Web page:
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Why Exams Help Make You a Mental Athlete

30 May 2014

Ask most people – students or teachers – what their favourite part of being at school is and it’s a pretty safe bet that you won’t hear too many of them say ‘Exams’.

Pictured above: Eric Kandel is an American neuropsychiatrist and he was a recipient of the 2000 Nobel Prize in Physiology or Medicine.

For secondary students in Years 7, 8 , 9, 10 and 12, the long weekend will not be as fun as it might have been because of the prospect of coming back to exams from Tuesday to Friday next week .  I have every sympathy with them.

So why do we put students through this every year?  Well, it’s for two reasons, and they are both very important.

Firstly, we know that you can only learn something properly (transfer it to long term memory in the brain) when you have actively thought about it – normally several times.  A man called Eric Kandel won a Nobel prize in 2000 for showing how this mechanism works, so we can be confident in what we are saying here.  The key idea here is that “memory is the residue of thought”, so we need to create thinking opportunities – ‘active revision,’ we call it.  Exams are a great stimulus for this kind of thinking, and this really helps with learning.  In the same way that athletes train for a race, developing their physical fitness, so students train for exams, developing their mental fitness.

The second reason is that we want to help students build ‘resilience’ or mental toughness.  In Year 11 and Year 13, students have to cope with a long period of really important exams, which will have a big impact on their university places, careers and life.  It’s tough having to prepare and revise for these exams, and having to keep going for several weeks of coming into school for exams.  So we give students lots of chances to practise this.  Getting used to four days of exams next week is a key part of becoming mentally tough – developing ‘resilience’.   Families also get a chance to practise helping to support students in exam periods, and that’s really important to success.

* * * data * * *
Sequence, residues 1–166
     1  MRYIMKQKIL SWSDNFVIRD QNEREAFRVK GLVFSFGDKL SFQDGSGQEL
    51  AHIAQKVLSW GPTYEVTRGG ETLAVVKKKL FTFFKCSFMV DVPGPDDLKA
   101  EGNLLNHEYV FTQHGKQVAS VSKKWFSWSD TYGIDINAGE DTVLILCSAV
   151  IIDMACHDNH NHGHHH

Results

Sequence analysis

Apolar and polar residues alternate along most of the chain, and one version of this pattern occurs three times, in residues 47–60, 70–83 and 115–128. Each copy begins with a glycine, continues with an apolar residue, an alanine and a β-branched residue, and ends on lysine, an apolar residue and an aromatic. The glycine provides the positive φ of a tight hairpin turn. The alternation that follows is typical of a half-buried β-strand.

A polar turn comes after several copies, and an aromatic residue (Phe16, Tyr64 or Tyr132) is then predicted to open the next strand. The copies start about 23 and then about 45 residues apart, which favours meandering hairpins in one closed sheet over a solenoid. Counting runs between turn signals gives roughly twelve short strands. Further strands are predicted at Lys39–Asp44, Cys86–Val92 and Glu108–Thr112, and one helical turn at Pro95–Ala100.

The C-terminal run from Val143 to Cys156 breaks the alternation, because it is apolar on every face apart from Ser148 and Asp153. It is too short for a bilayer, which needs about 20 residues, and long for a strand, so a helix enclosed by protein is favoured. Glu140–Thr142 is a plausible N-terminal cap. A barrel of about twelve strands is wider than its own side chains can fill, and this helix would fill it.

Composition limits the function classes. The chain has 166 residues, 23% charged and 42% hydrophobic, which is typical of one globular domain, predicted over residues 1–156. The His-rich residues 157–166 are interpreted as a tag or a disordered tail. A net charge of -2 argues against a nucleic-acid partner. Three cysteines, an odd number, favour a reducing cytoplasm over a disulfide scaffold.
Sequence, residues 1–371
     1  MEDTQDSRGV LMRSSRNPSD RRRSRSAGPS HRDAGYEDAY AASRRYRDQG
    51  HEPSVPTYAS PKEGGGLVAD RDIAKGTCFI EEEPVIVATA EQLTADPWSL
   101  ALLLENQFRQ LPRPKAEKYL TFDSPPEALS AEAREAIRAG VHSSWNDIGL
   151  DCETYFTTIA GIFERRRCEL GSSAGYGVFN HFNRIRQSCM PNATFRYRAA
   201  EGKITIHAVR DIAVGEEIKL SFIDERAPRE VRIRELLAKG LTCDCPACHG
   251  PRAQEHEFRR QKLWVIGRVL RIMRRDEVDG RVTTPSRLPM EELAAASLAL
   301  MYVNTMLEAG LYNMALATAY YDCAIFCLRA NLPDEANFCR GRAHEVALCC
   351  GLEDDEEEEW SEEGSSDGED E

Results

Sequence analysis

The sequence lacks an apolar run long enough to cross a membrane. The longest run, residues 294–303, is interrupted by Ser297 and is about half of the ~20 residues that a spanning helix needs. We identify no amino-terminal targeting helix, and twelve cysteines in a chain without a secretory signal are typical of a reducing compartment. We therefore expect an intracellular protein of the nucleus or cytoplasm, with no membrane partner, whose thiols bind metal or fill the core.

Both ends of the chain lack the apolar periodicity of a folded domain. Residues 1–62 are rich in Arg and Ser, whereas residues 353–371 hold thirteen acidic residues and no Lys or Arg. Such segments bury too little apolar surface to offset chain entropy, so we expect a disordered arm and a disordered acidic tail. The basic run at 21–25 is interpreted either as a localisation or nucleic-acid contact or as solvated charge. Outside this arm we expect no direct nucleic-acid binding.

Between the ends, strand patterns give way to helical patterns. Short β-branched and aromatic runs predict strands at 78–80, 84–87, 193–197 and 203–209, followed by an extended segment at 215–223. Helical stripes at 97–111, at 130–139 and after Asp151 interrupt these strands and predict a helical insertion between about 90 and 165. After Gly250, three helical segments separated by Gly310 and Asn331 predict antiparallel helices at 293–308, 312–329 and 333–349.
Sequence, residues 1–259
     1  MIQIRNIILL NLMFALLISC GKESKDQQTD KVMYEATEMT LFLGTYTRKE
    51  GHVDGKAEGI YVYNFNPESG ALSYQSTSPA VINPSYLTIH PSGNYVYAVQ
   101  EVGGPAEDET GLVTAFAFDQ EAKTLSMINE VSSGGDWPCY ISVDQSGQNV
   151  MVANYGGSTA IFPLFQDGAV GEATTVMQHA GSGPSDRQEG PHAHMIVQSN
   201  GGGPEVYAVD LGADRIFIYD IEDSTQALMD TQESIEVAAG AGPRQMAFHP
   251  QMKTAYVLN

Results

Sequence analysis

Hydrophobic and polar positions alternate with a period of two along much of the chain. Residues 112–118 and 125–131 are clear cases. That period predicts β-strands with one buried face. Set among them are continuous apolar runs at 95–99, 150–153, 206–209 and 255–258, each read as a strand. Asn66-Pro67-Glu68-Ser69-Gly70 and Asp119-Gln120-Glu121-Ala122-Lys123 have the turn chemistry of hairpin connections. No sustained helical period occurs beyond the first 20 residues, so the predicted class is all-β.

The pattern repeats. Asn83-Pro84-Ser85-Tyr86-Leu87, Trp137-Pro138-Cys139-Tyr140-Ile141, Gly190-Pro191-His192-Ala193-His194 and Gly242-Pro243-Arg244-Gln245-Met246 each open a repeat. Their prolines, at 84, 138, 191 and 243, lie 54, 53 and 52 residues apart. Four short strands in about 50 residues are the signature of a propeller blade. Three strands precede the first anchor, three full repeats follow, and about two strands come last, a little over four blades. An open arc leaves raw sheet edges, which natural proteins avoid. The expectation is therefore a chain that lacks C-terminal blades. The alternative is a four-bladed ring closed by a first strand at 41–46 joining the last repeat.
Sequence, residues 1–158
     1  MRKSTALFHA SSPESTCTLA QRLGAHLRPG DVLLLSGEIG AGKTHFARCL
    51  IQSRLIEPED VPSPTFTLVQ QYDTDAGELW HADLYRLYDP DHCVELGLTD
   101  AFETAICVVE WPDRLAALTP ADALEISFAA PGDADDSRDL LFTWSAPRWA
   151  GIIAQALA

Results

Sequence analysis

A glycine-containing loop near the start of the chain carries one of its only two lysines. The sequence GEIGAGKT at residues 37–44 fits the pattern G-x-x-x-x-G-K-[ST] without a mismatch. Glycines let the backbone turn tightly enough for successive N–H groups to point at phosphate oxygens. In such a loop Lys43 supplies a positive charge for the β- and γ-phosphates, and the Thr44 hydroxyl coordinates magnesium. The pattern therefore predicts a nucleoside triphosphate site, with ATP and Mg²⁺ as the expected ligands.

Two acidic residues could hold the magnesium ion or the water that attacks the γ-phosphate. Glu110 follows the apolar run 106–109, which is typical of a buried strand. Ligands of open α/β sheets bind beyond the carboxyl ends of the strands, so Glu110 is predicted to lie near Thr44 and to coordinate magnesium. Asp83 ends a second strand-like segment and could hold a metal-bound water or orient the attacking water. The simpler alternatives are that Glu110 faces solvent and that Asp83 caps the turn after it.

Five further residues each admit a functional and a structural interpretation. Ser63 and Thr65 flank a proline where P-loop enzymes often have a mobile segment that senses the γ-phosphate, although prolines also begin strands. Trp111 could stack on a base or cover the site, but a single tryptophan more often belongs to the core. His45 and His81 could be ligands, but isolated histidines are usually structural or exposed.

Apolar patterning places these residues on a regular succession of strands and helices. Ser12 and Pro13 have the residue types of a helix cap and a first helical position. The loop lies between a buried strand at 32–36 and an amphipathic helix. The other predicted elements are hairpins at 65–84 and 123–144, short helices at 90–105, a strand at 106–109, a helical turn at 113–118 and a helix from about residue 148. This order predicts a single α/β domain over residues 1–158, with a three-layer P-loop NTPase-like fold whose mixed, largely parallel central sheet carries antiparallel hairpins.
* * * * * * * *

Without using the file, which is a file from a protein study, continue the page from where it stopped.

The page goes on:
So, just as a serious athlete trains for a big race using smaller, less important races  to help develop physical toughness and stamina, we want students to train for their GCSEs and IB Diploma so that they can be as successful as possible. 

It helps at times like this to remember that no one likes exams, but they will make you a tougher and fitter mental athlete.

Good luck to everyone with exams next week.

- Stuart White, Vice-Principal

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